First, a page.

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We ensure energy resource activities are undertaken in a manner that protects public safety and the environment, supports reconciliation with Indigenous peoples, conserves energy resources and fosters a sound economy and social well-being.

The BCER oversees the full life cycle of energy resource activities in the province, from exploration and site planning, production, and pipeline transportation, to final site restoration. Integral to this role is ensuring industry compliance; that is, making sure that energy resource activity permit holders in the province operate in accordance with relevant legislation, regulations, permits and authorizations.

There are over 1000 individual regulatory requirements of varying types and scope against which the BCER is responsible for verifying compliance - from requirements relating to infrastructure integrity, water use and air emissions, to ensuring "ecologically suitable species" are used for site restoration.

Compliance Verification

The BCER verifies compliance through a diverse set of administrative and field-based tools and activities, including application reviews, administrative reviews and monitoring, audits, inspections, and permit holder self-assessments. The most appropriate compliance verification tools are chosen based on the requirement type, nature and associated risk. Compliance verification activities are carried out by different departments across the organization.

Compliance Verification Tools and Activities

1. Application Reviews

Proponents' regulatory compliance is required before an energy resource activity application is submitted, including requirements to consult and notify land owners of prospective activities. Once an application is submitted, we review the applications against legislative requirements, and for environmental and public safety. During detailed project reviews, we can and do require companies to change their applications based on First Nations consultations, land owner concerns and/or technical assessment results. The following graph illustrates the number of application reviews that we conduct each year.

Figure 1. Number of application reviews carried out by the BCER each year

2. Administrative Reviews and Monitoring

Administrative compliance monitoring is an office-based compliance verification procedure that involves assessing compliance associated with permit holders' mandatory operational submissions, including data, notices, reports or any other information required to be submitted. Some administrative monitoring mechanisms may consist of, or be aided by, automated tools to identify alleged non-compliances.

The BCER's eSubmission system is the primary channel through which industry submits operational data in order to meet regulatory and conditional data submission requirements. The following graph illustrates the number of eSubmission reviews that we carry out each year.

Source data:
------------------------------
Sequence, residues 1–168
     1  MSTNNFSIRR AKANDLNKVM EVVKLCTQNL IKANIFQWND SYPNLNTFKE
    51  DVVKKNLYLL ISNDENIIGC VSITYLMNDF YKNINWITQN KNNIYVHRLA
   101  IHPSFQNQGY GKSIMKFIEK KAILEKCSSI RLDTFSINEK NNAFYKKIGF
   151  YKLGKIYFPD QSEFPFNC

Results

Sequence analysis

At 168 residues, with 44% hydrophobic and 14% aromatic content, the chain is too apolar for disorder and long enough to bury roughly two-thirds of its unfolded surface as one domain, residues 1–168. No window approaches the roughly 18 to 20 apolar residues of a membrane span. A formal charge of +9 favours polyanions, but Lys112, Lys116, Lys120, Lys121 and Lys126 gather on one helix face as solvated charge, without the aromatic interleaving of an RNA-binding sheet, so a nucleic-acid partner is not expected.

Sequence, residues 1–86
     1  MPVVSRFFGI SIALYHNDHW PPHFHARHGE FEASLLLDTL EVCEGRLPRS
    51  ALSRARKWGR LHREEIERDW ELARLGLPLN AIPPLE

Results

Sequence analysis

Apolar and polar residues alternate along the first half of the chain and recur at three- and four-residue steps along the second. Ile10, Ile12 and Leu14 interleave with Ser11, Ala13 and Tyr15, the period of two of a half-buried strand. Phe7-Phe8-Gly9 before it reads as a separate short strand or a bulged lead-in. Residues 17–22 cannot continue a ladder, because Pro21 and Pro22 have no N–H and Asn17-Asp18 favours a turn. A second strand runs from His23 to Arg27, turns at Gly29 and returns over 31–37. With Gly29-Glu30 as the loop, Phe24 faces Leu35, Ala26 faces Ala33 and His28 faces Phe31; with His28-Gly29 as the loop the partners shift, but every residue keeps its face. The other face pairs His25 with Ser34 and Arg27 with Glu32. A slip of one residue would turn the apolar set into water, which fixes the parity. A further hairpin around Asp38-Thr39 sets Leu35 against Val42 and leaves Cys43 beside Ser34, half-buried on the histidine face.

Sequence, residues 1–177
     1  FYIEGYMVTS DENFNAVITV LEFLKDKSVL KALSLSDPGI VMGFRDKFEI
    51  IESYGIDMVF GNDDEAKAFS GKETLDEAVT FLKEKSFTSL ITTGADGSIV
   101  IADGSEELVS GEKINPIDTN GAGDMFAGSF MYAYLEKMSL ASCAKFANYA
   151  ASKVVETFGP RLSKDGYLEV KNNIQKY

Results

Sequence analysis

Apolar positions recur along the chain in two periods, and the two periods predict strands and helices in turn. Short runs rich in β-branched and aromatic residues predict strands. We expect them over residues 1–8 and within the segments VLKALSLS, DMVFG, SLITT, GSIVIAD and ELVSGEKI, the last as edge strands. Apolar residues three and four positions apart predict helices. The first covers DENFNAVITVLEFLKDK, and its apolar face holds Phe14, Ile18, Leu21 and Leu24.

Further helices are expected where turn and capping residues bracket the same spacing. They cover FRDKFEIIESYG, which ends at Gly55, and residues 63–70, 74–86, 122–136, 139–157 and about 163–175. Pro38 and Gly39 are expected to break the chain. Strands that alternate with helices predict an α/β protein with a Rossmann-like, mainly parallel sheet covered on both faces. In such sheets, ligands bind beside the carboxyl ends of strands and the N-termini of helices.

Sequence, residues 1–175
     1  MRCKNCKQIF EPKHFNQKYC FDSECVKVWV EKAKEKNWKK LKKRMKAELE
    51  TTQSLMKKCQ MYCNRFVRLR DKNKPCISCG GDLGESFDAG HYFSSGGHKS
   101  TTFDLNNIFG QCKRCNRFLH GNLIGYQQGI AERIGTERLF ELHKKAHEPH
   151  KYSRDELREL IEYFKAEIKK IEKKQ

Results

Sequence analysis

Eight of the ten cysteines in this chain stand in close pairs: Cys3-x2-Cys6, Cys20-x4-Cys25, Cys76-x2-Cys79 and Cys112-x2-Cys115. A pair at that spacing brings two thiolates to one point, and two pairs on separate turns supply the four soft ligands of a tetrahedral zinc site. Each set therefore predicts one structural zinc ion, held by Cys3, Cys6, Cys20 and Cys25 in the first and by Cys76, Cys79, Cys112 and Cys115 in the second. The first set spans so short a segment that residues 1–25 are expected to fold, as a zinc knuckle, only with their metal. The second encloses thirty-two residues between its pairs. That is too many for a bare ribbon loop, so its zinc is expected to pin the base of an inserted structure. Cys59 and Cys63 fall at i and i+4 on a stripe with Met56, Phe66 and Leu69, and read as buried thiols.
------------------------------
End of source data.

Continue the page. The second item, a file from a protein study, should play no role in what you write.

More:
Figure 2. Number of eSubmission reviews carried out by the BCER each year

3. Audits

The BCER performs comprehensive, targeted audits under various audit programs including, for example, the Pipeline and Facilities Integrity Management Program, the Certificate of Restoration Audit Program, the Archaeology Audit Program, the Surface Water Audit and the Riparian & Stream Crossing Audit Program.

The focus of audits is on the processes and procedures used to meet specified criteria or requirements, and their overall effectiveness. The scale and scope of individual audits is based on the size and nature of the company being audited as well as on the nature, functionality, complexity and the aspect of the area or system to be audited. This includes audits of single, multiple or integrated management system(s) or program areas conducted either separately or in combination.

The following graph displays the number of audits that the BCER carries out each year (see our Annual Compliance Plan reports for more info on our audit programs, including number of audits by program type). Note that data collection for audits started in 2021 and data is organized by fiscal year (rather than calendar year).

Figure 3. Number of audits carried out by the BCER each fiscal year

4. Field Inspections

On-site inspections by BCER Compliance and Enforcement Officers are the primary means through which field-based regulatory compliance is evaluated. Some inspections are triggered by events or complaints (for example, spills or noise complaints); however, most inspections are pre-planned using a model intended to optimize resource allocation based on risk, responsiveness to emerging issues and trends, the expertise and knowledge of BCER field staff and timing. See our dedicated Field Inspections data narrative for more detailed inspection information and data.

The bar chart below indicates the number of field inspections conducted by BCER Compliance and Enforcement Officers each year.

Figure 4. Number of field inspections carried out by the BCER each year

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